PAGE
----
Paradox Of Happiness Essay

According the Oxford Dictionary, the definition of Happiness is being pleased, being satisfied, and being lucky (Oxford Dictionary). However, the definition of being happy is different for everyone. There are many elements to one person’s happiness, whether that be fame or fortune, or something that most take advantage of such as a roof over their head, or dinner on the table every night. Happiness is an emotion that can be uncontrolled, and is forever changing. Expectations are a major reason why a person’s happiness is manipulated every second of everyday. According to a health website “Positive Med,” there are six major emotions which include anger, fear, surprise, disgust, happiness, and sadness. According to this, happiness only occurs…

When people wake up in the morning, they have no idea how many decisions they will have to make that day. Barry Schwartz, PhD, author of “The Paradox of Choice: Why More Is Less,” argues that the higher amount of options that a person has, the higher their expectations will be. Schwartz concludes that people only need a few necessary things in their life to be truly happy, and everything else is unnecessary and a burden. Three main necessities that Schwartz swears buy include having a solid group of friends, having a balance of down time and social time, and loving yourself (Buchan 2005). When people believe that they need more than the simple, critical things in life, it takes a toll on them emotionally and mentally. According to the article “7 Secrets to Happiness,” high expectations cause a person to become overwhelmed and slowly begin to not appreciate themselves, as well as what they are fortunately able to have in life (Buchan…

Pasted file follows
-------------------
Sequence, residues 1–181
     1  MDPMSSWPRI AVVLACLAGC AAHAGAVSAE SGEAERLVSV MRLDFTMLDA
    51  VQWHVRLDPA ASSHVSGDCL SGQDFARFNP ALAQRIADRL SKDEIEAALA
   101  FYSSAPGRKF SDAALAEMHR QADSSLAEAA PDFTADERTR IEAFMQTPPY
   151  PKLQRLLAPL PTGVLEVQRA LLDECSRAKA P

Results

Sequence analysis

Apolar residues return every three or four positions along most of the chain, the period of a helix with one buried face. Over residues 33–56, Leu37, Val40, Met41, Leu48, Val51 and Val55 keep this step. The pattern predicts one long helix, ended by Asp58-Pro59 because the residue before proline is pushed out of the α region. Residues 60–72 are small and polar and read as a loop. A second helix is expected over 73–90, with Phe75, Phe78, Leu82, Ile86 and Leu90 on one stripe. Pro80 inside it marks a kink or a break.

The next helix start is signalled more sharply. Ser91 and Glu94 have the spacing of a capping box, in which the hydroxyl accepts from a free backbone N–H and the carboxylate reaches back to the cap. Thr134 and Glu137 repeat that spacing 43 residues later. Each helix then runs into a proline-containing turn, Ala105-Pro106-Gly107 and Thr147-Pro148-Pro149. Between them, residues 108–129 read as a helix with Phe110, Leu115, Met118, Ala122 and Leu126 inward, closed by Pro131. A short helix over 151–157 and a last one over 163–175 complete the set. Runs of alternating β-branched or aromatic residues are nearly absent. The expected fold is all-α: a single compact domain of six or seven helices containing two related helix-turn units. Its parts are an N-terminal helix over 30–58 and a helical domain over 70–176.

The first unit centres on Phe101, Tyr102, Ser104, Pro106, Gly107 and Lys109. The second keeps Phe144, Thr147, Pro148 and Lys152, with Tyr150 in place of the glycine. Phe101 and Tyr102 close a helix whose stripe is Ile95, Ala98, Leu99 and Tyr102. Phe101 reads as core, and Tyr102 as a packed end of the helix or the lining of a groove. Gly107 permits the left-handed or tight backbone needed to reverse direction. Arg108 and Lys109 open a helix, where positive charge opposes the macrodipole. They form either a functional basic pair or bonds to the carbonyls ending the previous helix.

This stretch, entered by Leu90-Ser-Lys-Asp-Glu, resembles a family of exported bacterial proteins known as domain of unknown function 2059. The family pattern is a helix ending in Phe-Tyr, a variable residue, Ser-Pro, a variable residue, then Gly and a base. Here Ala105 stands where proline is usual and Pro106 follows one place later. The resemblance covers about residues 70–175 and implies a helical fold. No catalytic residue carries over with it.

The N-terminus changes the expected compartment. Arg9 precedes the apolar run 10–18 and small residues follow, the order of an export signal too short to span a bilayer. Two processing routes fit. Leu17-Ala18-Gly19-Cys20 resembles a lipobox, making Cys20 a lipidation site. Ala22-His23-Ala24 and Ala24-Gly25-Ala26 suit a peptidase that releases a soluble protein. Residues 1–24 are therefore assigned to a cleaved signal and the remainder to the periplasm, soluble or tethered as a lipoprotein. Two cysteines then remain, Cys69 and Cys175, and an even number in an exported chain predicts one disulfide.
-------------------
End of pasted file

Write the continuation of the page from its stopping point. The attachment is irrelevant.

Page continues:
26 subjects were asked to complete a decision making task, each decision that was made lead to a gain or loss of money. A functional MRI was used to measure the subject’s neural activity as well as an oral response while participating in the activity. Subjects were asked repeatedly during the activity whether or not they were happy. By using the data reported by the subjects and the MRI, scientists concluded that the participant’s happiness was due to rewards and expectations. The study then went on to test 18,420 subjects in a game entitled “What Makes Me Happy,” an app on smartphones created by UCL. Even though during the game, participants did not win real money, the loss or gain of points still caused them to increase or decrease their happiness levels. Scientists then concluded that when a person receives a reward, a person’s happiness level increases dramatically. On the other side, however when one has high expectations that cannot be met, their happiness level decreases greatly (UCL…